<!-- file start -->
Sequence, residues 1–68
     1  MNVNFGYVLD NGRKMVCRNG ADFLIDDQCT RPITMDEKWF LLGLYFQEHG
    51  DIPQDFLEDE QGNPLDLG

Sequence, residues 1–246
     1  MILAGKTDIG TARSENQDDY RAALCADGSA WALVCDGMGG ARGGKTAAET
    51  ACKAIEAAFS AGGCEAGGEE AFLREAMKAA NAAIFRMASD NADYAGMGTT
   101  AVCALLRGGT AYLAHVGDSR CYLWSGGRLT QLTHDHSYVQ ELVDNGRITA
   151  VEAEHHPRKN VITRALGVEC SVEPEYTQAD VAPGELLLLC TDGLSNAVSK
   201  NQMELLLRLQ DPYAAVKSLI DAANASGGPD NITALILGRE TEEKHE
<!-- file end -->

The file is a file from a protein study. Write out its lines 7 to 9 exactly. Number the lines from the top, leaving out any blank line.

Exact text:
   101  AVCALLRGGT AYLAHVGDSR CYLWSGGRLT QLTHDHSYVQ ELVDNGRITA
   151  VEAEHHPRKN VITRALGVEC SVEPEYTQAD VAPGELLLLC TDGLSNAVSK
   201  NQMELLLRLQ DPYAAVKSLI DAANASGGPD NITALILGRE TEEKHE